by Margaret Wilder
Ecology and Society, 06/2010, Volume 15, Issue 2
"Since the adoption of dramatic national water policy reforms in 1992, Mexico's water governance paradigm has had time to mature. This article analyzes Mexico's experience with water policy transition, based on research in irrigation districts and river basin councils in the northwestern state of Sonora." - Abstract
By Margaret Wilder, Ismael Aguilar-Barajasc , Nicolás Pineda-Pablosd , Robert G. Varadye , Sharon B. Megdalf , Jamie McEvoyg , Robert Meridethe , Adriana A. Zúñiga-Teráne and Christopher A. Scott. Published by Water International
“In the western US–Mexico border region, both countries’ authorities look to desalination as a means to meet increased demands for dwindling supplies. In addition to several existing or planned desalination plants, plans exist to develop projects along Mexico’s coasts to convert seawater into freshwater primarily for conveyance and consumption in the United States. Even though desalination systems have the potential to increase water supply in the region, there are associated consequences, costs and constraints. To understand the impacts of such binational desalination systems, this paper assesses, through a water-security framework, the case of a proposed desalination plant on the Upper Gulf of California. The analysis suggests that for binational desalination systems, there are several key areas of impact against which the benefits of increased water supply must be weighed.” - Abstract
Bio: Dr. Cyr is an Assistant Professor of Political Science and Latin American Studies at the University of Arizona. Her research interests focus on representation, democratization, and institutional stability and change in Latin America. Her work is informed a great deal by the time she spent in Latin America and the relationships she has cultivated with friends and colleagues in the region. She has carried out extensive fieldwork in Peru, Venezuela, and Bolivia, and has also lived and researched in many others countries in Latin America, including Brazil, Argentina, and Chile.
Studies in Comparative International Development, 09/2015, Volume 50, Issue 3
"Why do only some social conflicts lead to party-system change? In Bolivia, the recent politicization of the regional autonomy movement represented a stark difference with how conflicts had affected party-system dynamics in the past. This study argues that social conflicts led to party-system change in Bolivia thanks largely to the strategies of ruling elites." - Abstract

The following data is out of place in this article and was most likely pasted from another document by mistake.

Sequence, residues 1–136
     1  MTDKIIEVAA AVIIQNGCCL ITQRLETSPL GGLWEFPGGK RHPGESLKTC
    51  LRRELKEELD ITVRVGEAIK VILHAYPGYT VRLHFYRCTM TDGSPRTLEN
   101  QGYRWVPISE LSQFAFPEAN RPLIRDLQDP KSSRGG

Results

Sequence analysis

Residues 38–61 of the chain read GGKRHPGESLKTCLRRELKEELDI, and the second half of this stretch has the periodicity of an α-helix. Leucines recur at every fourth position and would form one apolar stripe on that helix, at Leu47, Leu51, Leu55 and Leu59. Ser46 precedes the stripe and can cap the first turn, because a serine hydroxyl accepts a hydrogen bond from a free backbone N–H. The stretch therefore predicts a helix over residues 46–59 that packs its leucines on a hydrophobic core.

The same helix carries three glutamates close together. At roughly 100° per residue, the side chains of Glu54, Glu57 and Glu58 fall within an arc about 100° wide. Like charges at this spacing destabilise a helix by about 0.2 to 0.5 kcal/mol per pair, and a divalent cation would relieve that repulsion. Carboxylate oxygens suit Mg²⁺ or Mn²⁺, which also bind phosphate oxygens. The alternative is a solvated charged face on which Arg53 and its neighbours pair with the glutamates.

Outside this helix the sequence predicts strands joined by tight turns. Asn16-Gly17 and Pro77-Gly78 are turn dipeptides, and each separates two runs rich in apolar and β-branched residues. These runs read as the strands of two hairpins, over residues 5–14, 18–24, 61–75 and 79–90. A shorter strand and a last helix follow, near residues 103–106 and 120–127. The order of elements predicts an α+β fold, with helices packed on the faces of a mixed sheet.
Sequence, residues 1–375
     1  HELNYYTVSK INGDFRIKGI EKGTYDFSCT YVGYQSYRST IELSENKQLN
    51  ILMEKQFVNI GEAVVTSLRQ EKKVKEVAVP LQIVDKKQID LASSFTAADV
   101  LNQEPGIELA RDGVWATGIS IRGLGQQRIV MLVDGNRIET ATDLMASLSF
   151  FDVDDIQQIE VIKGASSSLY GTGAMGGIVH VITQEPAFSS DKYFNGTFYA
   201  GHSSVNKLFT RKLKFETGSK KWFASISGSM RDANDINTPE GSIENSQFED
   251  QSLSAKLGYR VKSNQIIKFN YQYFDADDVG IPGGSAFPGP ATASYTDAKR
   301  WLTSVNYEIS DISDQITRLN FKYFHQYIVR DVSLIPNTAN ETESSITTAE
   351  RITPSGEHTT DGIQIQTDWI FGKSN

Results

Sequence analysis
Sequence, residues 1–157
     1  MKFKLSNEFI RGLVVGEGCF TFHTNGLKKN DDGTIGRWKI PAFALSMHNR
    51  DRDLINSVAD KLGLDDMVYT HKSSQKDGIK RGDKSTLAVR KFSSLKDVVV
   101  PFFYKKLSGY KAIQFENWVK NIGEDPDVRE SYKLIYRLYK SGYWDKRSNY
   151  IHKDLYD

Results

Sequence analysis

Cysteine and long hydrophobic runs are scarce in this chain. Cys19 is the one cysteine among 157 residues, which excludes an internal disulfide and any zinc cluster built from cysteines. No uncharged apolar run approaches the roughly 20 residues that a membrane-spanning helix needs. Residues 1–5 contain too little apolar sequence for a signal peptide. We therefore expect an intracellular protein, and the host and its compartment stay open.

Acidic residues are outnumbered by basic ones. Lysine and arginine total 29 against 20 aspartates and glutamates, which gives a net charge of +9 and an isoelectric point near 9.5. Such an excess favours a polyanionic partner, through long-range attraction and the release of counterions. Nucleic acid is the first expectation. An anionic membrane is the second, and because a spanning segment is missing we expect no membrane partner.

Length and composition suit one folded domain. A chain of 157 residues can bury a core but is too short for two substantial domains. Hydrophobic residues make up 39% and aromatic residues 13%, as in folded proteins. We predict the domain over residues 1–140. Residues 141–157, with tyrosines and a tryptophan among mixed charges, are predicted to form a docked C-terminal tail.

By Timothy J Power and Jennifer M. Cyr
International Social Science Journal, 06/2009, Volume 60, Issue 196
"We present a general overview of political legitimacy in Latin America circa 2005. We first discuss ways in which the concept of legitimacy has coloured debates on Latin American politics. Secondly, we generate empirical information on contemporary Latin American legitimacy by replicating the innovative measurement approach of Bruce Gilley. We use this multidimensional legitimacy score to generate cross-national rankings of legitimacy in contemporary Latin America. We then examine how our new legitimacy scores correlate with a wide variety of performance data and governance indicators in the region. Finally, we offer some initial hypotheses to explain high and low performance in specific cases." - Abstract
by Seawright A Roberst and Jennifer Cyr
COMPARATIVE POLITICAL STUDIES, 12/2013, Volume 46, Issue 1
"Numerous studies have found that proportional electoral rules significantly increase women's representation in national parliaments relative to majoritarian and mixed rules. These studies, however, suffer from serious methodological problems including the endogeneity of electoral laws, poor measures of cultural variables, and neglect of time trends. This article attempts to produce more accurate estimates of the effect of electoral rules on women’s representation by using within-country comparisons of electoral rule changes and bicameral systems as well as matching methods. " - Abstract